Indeed, this whole process begins with an appreciation for the museum’s structure. Designed by architect Gordon Bunshaft, the Hirshhorn is different from anything else visitors will find along the National Mall. Compared either affectionately or derisively to a "donut," a "drum," or a "spacecraft on the Mall," the museum is built in the round. The "spaceship" analogy refers to the fact that the entire structure (except for the entrance foyer) is lifted above ground level on huge stone stilts. Not only that, it is hollow in the center—or rather the structure encloses a courtyard that contains a large, round fountain placed off-center from the structure itself.

The design of the building accomplishes several complementary purposes. The two gallery floors consist of "concentric galleries" that follow the contours of the building itself. The inner galleries, where small sculptures are displayed, face the interior courtyard. Because the exterior walls of these galleries feature floor-to-ceiling windows, the artwork displayed here can be shown in natural light--a rare occurrence in a major museum. For the outer galleries, away from the windows, the cylindrical shape of the building eliminates the mazelike network of galleries typifying most art museums. Visitors pass from gallery to gallery until they return to the starting point.

Himself and Yours Truly have been fans of the Hirshhorn since it first opened its doors in 1974. I myself am particularly fond of the inner galleries with their collection of modern sculpture. I am awestruck when viewing Degas’s fascination with the female form, Picasso’s endless rebellion against tradition, and Giacometti’s dramatic succession of emaciated figures. I love the sensuality of Matisse, the gentle portraits of couples and families by Moore, and the deceptive simplicity of Brancusi. I also like to relax on one of the comfortable benches scattered through these galleries, allowing myself the quiet pleasure of being surrounded by dozens of examples of some of the finest art of the modern age.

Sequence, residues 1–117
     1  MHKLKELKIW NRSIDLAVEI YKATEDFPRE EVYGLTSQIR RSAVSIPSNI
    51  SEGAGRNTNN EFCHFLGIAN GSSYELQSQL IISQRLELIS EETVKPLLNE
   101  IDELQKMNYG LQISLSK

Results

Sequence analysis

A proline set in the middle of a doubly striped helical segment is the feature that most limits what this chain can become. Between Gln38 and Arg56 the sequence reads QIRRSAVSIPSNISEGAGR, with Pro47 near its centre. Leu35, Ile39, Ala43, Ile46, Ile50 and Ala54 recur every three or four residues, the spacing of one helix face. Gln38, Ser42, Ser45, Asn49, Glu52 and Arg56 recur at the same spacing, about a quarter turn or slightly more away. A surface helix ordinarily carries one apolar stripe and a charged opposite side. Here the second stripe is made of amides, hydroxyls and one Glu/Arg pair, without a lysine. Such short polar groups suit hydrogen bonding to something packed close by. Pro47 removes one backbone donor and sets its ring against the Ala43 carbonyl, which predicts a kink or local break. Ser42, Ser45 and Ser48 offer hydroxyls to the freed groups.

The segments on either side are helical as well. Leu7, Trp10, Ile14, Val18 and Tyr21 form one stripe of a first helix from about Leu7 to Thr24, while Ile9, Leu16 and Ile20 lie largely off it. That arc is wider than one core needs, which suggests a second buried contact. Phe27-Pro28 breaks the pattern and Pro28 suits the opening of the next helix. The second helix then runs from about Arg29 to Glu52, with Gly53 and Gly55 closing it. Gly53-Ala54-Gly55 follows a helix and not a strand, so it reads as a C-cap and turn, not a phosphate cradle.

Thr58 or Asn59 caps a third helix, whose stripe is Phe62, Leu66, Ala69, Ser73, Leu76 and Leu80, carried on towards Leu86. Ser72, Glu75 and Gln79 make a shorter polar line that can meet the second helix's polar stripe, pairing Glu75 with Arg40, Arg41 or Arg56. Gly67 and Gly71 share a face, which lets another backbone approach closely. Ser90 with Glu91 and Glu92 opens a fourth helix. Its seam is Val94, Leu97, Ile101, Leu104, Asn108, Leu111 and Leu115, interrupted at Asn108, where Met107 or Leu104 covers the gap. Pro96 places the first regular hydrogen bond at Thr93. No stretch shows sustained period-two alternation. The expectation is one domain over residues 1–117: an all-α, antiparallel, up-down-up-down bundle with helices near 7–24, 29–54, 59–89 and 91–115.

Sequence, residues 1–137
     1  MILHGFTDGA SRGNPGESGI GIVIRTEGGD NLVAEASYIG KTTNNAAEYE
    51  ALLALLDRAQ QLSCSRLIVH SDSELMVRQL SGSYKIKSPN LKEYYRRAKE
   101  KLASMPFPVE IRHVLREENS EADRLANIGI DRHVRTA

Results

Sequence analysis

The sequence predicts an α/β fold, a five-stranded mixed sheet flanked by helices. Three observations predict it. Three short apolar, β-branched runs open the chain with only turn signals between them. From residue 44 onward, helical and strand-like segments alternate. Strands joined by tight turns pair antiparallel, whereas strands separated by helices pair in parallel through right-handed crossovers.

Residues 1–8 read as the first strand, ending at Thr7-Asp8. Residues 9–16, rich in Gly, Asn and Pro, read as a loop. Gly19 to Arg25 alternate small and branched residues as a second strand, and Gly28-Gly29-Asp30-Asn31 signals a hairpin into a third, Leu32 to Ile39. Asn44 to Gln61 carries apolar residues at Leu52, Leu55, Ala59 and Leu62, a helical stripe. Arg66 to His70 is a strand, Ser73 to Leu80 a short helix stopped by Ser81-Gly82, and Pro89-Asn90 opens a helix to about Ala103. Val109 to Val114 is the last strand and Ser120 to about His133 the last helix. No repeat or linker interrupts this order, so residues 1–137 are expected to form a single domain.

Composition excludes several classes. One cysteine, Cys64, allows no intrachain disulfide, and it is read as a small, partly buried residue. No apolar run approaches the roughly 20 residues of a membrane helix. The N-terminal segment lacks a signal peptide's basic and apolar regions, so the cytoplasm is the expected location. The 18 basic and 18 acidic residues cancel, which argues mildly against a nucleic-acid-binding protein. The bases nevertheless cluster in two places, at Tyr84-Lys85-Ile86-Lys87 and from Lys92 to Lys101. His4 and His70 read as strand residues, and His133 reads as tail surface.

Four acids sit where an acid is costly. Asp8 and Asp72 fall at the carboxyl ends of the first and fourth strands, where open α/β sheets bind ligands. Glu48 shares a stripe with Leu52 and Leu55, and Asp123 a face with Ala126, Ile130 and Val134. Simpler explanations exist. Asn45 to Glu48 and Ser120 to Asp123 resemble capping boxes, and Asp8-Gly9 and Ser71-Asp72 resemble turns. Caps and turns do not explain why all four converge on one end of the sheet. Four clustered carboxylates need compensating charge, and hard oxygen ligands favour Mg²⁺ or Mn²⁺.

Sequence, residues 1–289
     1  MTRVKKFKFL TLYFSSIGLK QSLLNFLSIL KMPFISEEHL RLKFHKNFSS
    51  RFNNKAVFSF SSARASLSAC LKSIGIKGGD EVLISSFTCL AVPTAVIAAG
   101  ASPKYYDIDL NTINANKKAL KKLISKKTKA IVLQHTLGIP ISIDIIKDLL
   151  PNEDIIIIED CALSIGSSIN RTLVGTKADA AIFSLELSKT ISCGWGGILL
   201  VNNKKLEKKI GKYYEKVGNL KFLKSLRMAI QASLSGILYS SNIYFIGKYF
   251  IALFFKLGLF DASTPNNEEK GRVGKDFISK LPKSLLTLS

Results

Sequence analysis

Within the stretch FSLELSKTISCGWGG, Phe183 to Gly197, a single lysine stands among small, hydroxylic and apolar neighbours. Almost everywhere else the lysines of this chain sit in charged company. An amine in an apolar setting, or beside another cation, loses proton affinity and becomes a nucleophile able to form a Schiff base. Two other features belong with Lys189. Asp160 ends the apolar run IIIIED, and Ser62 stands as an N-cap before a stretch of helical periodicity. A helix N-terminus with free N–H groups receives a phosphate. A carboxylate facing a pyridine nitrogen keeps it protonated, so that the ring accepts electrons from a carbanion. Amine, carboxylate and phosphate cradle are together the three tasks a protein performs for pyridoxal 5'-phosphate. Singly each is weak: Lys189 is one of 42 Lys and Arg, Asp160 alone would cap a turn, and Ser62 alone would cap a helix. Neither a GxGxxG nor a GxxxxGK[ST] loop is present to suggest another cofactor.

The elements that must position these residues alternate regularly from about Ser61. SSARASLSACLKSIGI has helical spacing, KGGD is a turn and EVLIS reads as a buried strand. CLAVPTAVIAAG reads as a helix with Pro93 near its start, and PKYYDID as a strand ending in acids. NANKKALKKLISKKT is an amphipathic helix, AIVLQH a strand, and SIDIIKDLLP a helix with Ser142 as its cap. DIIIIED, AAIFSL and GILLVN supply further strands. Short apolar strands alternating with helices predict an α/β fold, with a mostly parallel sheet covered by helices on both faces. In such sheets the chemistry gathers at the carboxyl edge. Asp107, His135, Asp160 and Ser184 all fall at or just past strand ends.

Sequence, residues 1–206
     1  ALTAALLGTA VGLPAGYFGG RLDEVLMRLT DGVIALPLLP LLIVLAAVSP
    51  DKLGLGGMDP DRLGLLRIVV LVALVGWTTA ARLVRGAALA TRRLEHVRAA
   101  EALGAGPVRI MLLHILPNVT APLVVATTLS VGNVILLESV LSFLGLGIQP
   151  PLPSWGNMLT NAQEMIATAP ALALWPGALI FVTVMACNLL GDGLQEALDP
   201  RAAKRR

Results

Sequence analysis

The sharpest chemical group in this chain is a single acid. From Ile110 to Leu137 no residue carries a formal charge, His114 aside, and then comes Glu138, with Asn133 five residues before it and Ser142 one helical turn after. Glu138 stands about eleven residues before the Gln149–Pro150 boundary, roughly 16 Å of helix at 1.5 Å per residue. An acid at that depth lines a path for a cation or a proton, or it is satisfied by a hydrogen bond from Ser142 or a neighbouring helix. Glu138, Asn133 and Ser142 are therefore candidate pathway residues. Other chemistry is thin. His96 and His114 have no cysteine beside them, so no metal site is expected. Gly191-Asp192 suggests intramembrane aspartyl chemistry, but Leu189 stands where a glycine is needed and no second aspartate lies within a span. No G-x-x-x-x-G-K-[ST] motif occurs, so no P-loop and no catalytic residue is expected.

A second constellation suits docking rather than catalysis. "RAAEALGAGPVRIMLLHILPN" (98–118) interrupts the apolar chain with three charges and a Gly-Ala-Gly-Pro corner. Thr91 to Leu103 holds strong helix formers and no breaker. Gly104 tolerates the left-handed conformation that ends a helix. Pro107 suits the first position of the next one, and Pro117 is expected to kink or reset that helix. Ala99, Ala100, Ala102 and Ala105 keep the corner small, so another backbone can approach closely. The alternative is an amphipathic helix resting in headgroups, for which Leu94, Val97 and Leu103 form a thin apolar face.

The exhibition area in the museum’s lower (i.e., basement) level is also fascinating. No matter the program, one can expect surprises. The media stream in this temporary exhibit area is plastic—often quite literally—and may include any number of extraordinary features. In the exhibition galleries, I have watched videos while special lighting effects were projected throughout the viewing room, gawked at oversized creations make of heavy knoted ropes and accented with all manner of media (feathers and beads, foil and wood, and bits of torn fabric), and marveled at the black-on-black, three-dimensional creations of Anish Kapoor.

Despite the repeated warnings of "Do Not Touch" that are so familiar in most museums, the art of the Hirshhorn has a way of inviting the visitor to participate, both physically and mentally, as part of the viewing process. This is particularly true in the sculpture garden. The Hirshhorn really has two principal garden areas, both of which are filled with monumental pieces of sculpture: (1) The plaza, which surrounds the museum and is partially bounded by a high wall and hedges to provide a sense of privacy against the bustle on nearby Independence Avenue; and (2) a bi-level garden on the National Mall side of the museum, complete with a fountain and usually offering a welcome sense of solitude.

The "star" of the lawn garden, in my view, is Kenneth Snelson’s Needle Tower, a graceful steel and cable construction that uses modern materials and techniques to evoke ancient themes. This sculpture that seems to defy gravity is composed of metal pipes held in place by tension and stress. The pipes rise in sets of three, each set decreasing slightly in size and tapering inward as the tower reaches skyward to its full 60-foot height. The pattern of the Needle’s lines changes with the perspective of the viewer. The overall shape is conical, and as one moves around its base, the dominant lines (the pipes) form a kaleidoscope pattern within the structure. But is the view from under the tower that produces the most spectacular effect. By standing inside the space at its lowest level and looking upward, one is startled to see two geometric figures: a hexagon surrounding a hexagram (or Star of David).